Can Shame Attacks Be an Effective Technique?
What makes you feel embarrassment? Maybe you hate when a neighbor drops by unexpectedly and sees that your house hasn’t been cleaned recently. Maybe you fear looking silly on the dance floor so you avoid dancing at all costs. Now ask yourself a second question: What would happen if you purposefully exposed yourself to something that caused embarrassment? What if you went to your friend’s wedding and danced in the most ridiculous way you can think of for one song? How might you feel the next time you attempted to dance regularly?
Albert Ellis calls this practice—purposefully doing something that causes distress, embarrassment, or anxiety—a shame attack. The purpose of this technique is to demonstrate that what a person says to himself/herself during the activity will actually lessen the embarrassment. You might have observed in the Week 1 REBT demonstration that Albert Ellis has a humorous and distinctly colorful personal style. Shame attack exercises are one example of various types of homework exercises that Ellis developed to expose clients to distress and embarrassment as a means of overcoming irrational thoughts by disputing those beliefs. They are designed to help the client experience and change her or his beliefs about the emotional consequences of another person’s perceptions.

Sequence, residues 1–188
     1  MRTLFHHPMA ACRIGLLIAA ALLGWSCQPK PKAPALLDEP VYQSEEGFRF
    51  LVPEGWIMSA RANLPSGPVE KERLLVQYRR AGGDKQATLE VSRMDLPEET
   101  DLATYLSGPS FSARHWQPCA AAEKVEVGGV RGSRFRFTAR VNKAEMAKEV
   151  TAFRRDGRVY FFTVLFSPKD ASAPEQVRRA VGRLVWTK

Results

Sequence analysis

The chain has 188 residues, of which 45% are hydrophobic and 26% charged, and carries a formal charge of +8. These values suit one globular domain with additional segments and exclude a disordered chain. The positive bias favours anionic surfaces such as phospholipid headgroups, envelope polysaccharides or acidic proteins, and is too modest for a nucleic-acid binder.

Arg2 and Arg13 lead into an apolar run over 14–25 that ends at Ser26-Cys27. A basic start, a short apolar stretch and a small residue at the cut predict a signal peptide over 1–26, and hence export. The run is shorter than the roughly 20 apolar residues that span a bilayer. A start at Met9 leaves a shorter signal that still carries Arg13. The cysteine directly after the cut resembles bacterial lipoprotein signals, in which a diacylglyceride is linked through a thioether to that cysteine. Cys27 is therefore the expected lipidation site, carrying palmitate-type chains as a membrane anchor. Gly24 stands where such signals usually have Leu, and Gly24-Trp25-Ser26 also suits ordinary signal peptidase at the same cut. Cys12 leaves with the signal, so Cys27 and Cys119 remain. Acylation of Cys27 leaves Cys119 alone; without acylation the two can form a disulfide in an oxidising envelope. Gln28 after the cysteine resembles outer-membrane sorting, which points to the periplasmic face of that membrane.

For this Discussion, you are asked to imagine yourself in an embarrassing situation. (You do not have to actually carry out the exercise.) What constitutes a shame attack situation will be different for everyone. You might imagine being in a grocery store and walking a stuffed pet on a stick, or singing on a public bus or train, for example.
- Imagine placing yourself in a situation where the type of shame might be slightly embarrassing.
- As you conceptualize your situation, consider what fears or irrational thoughts you might have about the situation before it occurred. Then, consider what you might say to yourself to make the event bearable.
With these thoughts in mind:
Write a 2 page description of your imaginary “shame attack.” What did you say to yourself to make the exercise bearable? What did you learn from this exercise?
Be sure to support your postings and responses with specific references to the Learning Resources. Use proper APA format and citations.